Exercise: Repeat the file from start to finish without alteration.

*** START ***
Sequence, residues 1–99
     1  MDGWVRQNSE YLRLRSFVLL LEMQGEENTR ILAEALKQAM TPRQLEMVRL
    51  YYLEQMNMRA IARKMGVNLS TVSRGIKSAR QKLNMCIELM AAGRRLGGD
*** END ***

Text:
Sequence, residues 1–99
     1  MDGWVRQNSE YLRLRSFVLL LEMQGEENTR ILAEALKQAM TPRQLEMVRL
    51  YYLEQMNMRA IARKMGVNLS TVSRGIKSAR QKLNMCIELM AAGRRLGGD